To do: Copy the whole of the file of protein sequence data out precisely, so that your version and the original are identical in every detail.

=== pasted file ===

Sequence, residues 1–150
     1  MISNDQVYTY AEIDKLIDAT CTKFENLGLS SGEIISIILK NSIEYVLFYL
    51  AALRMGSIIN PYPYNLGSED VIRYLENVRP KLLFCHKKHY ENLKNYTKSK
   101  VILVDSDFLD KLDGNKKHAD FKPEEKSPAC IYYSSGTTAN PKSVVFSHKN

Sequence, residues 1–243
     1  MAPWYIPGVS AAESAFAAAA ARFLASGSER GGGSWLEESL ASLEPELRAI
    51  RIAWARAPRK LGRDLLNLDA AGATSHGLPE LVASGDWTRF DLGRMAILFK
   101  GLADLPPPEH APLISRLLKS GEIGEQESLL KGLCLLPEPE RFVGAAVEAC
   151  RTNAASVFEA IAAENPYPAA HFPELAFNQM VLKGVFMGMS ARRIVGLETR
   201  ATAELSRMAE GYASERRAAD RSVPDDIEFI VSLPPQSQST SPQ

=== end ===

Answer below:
Sequence, residues 1–150
     1  MISNDQVYTY AEIDKLIDAT CTKFENLGLS SGEIISIILK NSIEYVLFYL
    51  AALRMGSIIN PYPYNLGSED VIRYLENVRP KLLFCHKKHY ENLKNYTKSK
   101  VILVDSDFLD KLDGNKKHAD FKPEEKSPAC IYYSSGTTAN PKSVVFSHKN

Sequence, residues 1–243
     1  MAPWYIPGVS AAESAFAAAA ARFLASGSER GGGSWLEESL ASLEPELRAI
    51  RIAWARAPRK LGRDLLNLDA AGATSHGLPE LVASGDWTRF DLGRMAILFK
   101  GLADLPPPEH APLISRLLKS GEIGEQESLL KGLCLLPEPE RFVGAAVEAC
   151  RTNAASVFEA IAAENPYPAA HFPELAFNQM VLKGVFMGMS ARRIVGLETR
   201  ATAELSRMAE GYASERRAAD RSVPDDIEFI VSLPPQSQST SPQ